08:02 GMT +323 October 2019
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    Twitter ‘Accidentally’ Shares Phone Numbers and Email Addresses to Marketers

    © AFP 2019 / EMMANUEL DUNAND
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    The company says an issue in which personal user data became available to third parties was an “error.”

    Twitter apologized in a statement published on its website on Tuesday for an “error” in which users’ phone numbers and emails were shared with advertisers who use the data for targeting marketing campaigns.

    “We recently discovered that when you provided an email address or phone number for safety or security purposes (for example, two-factor authentication), this data may have inadvertently been used for advertising purposes, specifically in our and Partner Audiences advertising system,” the company stated.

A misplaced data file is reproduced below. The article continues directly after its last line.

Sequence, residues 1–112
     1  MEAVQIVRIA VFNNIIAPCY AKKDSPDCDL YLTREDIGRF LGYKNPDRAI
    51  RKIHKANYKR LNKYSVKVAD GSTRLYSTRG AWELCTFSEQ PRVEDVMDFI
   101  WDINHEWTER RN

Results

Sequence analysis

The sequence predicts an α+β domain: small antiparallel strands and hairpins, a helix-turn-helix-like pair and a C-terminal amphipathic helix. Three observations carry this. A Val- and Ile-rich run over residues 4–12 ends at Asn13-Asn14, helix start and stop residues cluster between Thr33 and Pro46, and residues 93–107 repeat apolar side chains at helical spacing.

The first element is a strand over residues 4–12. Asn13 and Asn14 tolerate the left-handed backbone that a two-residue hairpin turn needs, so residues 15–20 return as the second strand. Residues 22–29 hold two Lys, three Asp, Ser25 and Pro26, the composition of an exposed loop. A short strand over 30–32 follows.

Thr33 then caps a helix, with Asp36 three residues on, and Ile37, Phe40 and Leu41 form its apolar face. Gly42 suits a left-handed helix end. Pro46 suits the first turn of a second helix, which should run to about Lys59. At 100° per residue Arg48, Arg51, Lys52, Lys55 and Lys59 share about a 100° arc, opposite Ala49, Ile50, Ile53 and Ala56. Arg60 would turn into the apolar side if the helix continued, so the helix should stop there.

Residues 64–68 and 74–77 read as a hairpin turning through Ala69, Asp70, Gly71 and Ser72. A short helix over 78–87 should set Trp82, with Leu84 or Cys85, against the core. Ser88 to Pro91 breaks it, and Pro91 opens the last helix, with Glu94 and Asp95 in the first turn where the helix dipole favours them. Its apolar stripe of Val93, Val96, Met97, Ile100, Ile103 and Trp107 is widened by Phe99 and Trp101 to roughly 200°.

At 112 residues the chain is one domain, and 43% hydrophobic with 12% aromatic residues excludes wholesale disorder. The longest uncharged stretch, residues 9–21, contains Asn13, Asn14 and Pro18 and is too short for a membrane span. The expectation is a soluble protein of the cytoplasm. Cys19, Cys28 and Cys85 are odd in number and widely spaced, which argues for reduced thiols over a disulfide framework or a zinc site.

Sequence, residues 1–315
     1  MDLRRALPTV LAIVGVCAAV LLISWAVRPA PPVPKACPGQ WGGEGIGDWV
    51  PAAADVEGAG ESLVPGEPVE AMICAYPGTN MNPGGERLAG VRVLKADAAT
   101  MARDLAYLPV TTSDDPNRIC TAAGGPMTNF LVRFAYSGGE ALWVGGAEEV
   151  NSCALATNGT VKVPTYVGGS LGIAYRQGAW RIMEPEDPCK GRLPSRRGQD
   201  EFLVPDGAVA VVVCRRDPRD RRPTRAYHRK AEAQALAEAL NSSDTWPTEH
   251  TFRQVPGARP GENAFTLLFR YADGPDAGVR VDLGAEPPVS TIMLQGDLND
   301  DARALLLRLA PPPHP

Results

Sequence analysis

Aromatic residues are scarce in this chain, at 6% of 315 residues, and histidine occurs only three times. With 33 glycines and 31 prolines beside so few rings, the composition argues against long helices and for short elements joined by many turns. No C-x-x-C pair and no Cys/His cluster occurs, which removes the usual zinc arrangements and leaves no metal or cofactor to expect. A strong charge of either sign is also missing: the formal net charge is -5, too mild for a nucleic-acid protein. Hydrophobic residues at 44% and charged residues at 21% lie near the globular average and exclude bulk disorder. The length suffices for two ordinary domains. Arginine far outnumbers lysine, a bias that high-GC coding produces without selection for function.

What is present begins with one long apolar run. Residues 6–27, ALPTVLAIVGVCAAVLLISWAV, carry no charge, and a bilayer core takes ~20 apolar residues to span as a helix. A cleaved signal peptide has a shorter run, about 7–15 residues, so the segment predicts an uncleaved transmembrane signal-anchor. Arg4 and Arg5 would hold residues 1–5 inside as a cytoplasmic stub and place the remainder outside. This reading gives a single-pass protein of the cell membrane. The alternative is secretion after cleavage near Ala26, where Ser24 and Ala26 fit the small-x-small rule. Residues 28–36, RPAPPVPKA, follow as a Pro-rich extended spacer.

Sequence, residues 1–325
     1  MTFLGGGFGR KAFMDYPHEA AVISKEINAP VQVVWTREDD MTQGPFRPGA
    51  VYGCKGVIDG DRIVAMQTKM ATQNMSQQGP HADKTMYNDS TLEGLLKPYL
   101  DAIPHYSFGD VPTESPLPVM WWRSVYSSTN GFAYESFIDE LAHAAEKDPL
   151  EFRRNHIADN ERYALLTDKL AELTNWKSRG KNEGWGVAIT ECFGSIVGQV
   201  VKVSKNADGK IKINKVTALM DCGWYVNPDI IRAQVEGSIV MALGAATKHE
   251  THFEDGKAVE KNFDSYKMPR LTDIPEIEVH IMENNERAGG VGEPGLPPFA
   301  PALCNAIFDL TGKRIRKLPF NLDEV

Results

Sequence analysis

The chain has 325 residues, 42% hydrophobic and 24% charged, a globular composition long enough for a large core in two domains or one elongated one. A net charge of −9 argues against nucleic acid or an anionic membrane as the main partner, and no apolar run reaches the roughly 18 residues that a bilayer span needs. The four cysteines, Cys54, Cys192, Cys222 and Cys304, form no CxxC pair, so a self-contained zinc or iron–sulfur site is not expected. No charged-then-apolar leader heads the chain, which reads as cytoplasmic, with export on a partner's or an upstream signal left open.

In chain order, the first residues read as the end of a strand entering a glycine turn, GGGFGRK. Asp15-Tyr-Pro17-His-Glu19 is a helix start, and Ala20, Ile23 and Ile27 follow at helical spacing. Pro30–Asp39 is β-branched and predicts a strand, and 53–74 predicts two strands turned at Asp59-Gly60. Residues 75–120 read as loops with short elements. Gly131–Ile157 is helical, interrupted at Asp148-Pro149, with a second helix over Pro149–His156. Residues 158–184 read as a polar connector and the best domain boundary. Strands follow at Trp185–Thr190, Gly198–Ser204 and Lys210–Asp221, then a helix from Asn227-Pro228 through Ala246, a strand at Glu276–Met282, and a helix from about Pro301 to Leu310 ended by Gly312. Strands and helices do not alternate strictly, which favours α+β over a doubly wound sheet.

According to the report, an advertiser could match the phone number with a store in which the user shopped recently and advertise to that user directly on Twitter.

    “When an advertiser uploaded their marketing list, we may have matched people on Twitter to their list based on the email or phone number the Twitter account holder provided for safety and security purposes,” Twitter said in its statement. “This was an error and we apologize.”

    The company says it fixed the error on 17 September, but did not disclose when the error first appeared or how many users have been affected.

    This is not the first time in which social media giants have committed errors of a similar nature. In March, Facebook admitted to doing the exact same thing: “inadvertently” correlating phone numbers shared for security purposes with targeted advertising. According to a Northeastern University study conducted last year, users who provided phone numbers for security purposes began receiving targeted ads within the span of a few weeks.

    So-called two-factor identification uses a user’s mobile account as an additional level of security, requiring the user to enter a code from SMS in addition to (or sometimes instead of) a regular username and password. This is widely considered to be an effective measure against the theft of credentials.

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